We crossed two rivers on the way. One was the Irawati River, and the name of the other has slipped my mind. What I do recall is crossing both rivers on boats, and being in continuous combat with the Japanese! We traversed the rivers, then a hill-filled commute from Nagaland to Burma, all the while fighting the Japanese. They put up a fight, but they were in our country and we outlasted them. Not only were we giving them trouble on ground, the Indian Air Force was attacking them from above.

    I was a motor mechanic, so my main job was to salvage vehicles and transport tanks from base to base. I didn't take part in much combat, but I could tell it was taking a toll on my Infantry.

    The Japanese had hundreds of casualties, but we didn't care. It was the nature of the war. We were on our way to Burma, and fought them until we reached Rangoon, where I stayed for two years. Many other soldiers in my regiment moved towards the border, but I stayed there. My primary objective in Rangoon was to unload ammunition and supplies from the ships the Navy pulled into the port.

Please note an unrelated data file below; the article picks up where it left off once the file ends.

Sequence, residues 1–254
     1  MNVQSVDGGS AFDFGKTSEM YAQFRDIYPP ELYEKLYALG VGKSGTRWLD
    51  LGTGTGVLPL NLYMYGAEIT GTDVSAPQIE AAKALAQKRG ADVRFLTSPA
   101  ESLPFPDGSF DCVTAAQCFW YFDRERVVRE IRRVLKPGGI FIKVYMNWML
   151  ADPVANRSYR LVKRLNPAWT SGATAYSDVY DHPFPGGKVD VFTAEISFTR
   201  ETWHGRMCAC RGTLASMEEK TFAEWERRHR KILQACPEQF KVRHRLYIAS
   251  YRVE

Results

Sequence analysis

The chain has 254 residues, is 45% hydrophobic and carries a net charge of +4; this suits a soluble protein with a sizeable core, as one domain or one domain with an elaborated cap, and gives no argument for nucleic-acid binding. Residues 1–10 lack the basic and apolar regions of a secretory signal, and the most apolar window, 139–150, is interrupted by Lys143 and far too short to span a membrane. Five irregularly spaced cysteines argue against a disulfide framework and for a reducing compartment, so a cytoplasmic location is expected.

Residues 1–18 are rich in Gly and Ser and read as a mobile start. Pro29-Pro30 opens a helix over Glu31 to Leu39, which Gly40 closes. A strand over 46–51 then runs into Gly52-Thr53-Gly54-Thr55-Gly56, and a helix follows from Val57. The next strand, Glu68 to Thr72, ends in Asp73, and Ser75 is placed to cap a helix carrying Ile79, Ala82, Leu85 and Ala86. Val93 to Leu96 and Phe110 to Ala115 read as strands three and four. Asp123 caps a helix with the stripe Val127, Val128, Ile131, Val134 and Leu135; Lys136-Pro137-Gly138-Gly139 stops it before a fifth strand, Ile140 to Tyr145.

Not only were we dealing with Japanese soldiers, some of our own had turned against us. The Indian National Army (INA), led by Subhas Chandra Bose, was fighting for the Independence of India at the same time. The Japanese wanted Bose to fight alongside them, but he wanted the INA to be its own entity. I think he believed that the British would leave us alone eventually but if Japanese would invade India, Japan would forever control our country. We soon heard that a Major in the INA, I think it was Mohan Singh exposed that their army had no ammunition, and could not withstand a serious attack so no one was taking them seriously. But Subhas Chandra Bose had great intentions and he was a good leader that eventually helped India gain its independence from the Britishers.